"The Secretary shall administer the provisions of this subchapter relating to the leasing of the outer Continental Shelf, and shall prescribe such rules and regulations as may be necessary to carry out such provisions.  The Secretary may  [[Orig. Op. Page 7]] at any time prescribe and amend such rules and regulations as he determines to be necessary and proper in order to provide for the prevention of waste and conservation of the natural resources of the outer Continental Shelf, and the protection of correlative rights therein, and, notwithstanding any other provisions herein, such rules and regulations shall apply to all operations conducted under a lease issued or maintained under the provisions of this subchapter.  In the enforcement of conservation laws, rules, and regulations the Secretary is authorized to cooperate with the conservation agencies of the adjacent States.  Without limiting the generality of the foregoing provisions of this section, the rules and regulations prescribed by the Secretary thereunder may provide for the assignment or relinquishment of leases, for the sale of royalty oil and gas accruing or reserved to the United States at not less than market value, and, in the interest of conservation, for unitization, pooling, drilling agreements, suspension of operations or production, reduction of rentals or royalties, compensatory royalty agreements, subsurface storage of oil or gas in any of said submerged lands, and drilling or other easements necessary for operations or production."  (Emphasis supplied.)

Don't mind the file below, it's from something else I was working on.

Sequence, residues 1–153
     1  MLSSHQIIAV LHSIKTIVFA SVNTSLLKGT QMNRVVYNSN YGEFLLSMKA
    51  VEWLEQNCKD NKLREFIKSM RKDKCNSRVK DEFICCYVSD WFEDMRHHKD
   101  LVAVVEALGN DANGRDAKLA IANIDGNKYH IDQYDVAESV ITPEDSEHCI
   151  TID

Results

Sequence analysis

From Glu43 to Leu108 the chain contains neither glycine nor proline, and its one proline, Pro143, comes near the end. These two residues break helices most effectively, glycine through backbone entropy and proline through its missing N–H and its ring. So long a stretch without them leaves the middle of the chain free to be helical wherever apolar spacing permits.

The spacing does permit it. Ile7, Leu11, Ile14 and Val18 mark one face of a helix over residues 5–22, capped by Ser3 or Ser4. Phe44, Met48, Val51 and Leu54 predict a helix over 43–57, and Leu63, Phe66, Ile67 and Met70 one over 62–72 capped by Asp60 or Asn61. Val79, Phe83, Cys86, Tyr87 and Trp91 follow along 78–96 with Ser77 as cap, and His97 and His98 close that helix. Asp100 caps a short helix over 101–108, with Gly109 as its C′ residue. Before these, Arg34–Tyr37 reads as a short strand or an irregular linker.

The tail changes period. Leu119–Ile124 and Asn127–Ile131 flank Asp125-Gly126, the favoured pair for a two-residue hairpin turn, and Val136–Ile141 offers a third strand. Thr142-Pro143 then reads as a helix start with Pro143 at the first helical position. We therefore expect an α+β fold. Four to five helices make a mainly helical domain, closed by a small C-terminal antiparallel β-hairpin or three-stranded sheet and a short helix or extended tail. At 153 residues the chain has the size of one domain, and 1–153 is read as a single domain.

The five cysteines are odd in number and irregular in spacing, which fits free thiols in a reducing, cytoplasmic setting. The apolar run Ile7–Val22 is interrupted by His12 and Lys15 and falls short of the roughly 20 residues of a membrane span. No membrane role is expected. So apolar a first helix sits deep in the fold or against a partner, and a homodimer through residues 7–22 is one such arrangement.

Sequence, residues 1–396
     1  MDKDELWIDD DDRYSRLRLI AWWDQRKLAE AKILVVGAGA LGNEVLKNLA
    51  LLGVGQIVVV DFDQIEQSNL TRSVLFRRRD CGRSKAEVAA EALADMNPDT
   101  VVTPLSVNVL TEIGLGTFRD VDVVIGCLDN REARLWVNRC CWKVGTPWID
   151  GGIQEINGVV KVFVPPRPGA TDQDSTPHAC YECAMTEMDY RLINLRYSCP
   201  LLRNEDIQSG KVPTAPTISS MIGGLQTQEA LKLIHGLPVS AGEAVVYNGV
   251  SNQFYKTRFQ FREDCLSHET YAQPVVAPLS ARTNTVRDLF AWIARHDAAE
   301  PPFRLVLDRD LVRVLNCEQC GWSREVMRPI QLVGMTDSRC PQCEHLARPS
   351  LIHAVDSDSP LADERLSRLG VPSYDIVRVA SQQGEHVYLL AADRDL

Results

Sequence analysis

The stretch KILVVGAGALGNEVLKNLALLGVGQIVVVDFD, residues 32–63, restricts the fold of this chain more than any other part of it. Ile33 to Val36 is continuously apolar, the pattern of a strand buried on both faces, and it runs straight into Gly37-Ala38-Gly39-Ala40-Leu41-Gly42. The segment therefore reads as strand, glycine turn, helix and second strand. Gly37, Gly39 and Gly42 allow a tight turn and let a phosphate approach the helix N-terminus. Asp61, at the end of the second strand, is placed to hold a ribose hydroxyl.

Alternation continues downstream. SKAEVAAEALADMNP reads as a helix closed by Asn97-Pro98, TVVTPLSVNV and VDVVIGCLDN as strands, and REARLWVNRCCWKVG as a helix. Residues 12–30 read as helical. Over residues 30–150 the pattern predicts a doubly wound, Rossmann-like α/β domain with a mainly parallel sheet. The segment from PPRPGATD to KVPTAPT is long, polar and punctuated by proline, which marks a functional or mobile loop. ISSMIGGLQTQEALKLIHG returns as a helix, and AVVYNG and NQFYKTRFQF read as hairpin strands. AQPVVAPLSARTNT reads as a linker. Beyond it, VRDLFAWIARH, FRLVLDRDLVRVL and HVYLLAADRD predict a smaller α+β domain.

We therefore conclude that the lands of the "outer" continental shelf are not subject to chapter 146 of the Laws of 1951.

            2. Your second inquiry relates to whether the oil and gas conservation committee of this state has any responsibilities with regard to the enforcement of chapter 146, Laws of 1951 (chapter 78.52 RCW) on lands of the continental shelf.

            It is clear from 43 U.S.C. § 1311 (a), quoted supra, that not only is the title and ownership of the submerged lands in question located within the historic boundaries of the state, but the ". . . power to manage, administer, lease, develop and use . . ." said lands shall be carried out in accordance with state law by state officials.

            RCW 78.52.0405/ provides that the oil and gas conservation committee (as defined in RCW 78.52.020), shall administer and enforce the provisions of the oil and gas conservation act.

             [[Orig. Op. Page 8]]

            Our opinion is, therefore, that the oil and gas conservation committee is empowered to enforce the provisions of the oil and gas conservation act on submerged continental shelf lands located in that area between the coast line of the Pacific Ocean and the boundary of the state of Washington located three geographic miles to the west.

            With regard to submerged continental shelf lands owned by the United States west of the state's boundaries, such lands are subject solely to the conservation laws of the federal government as administered by the Secretary of the Interior.  43 U.S.C. §§ 1333, 1334.  The oil and gas conservation committee, in performance of its duties under chapter 78.52 RCW, has no responsibilities relating to said lands.

            We trust that the foregoing will be of assistance to you.

Very truly yours,

JOHN J. O'CONNELL
Attorney General

CHARLES B. ROE, JR.
Assistant Attorney General

                                                         ***   FOOTNOTES   ***

1/A marine league is the equivalent of three geographical miles.

2/Coastline is defined in 43 U.S.C. 1301 (c) as ". . . the line of ordinary low water . . ."  See, Shalowitz, Shore and Sea Boundaries, 122 (1953).

3/RCW 78.52.001, states in part:

            "It is hereby declared to be in the public interest to foster, encourage, and promote the development, production, and utilization of oil and gasin the state in such manner as will prevent waste; . . ."  (Emphasis supplied.)

4/RCW 78.52.040 reads:

            "It shall be the duty of the committee to administer and enforce the provisions of this chapter, and all rules, regulations and orders promulgated hereunder, and the committee is hereby vested with jurisdiction, power and authority,over all persons and property, public and private, necessary to enforce effectively such duty."  (Emphasis supplied.)

5/See, Note 4, supra.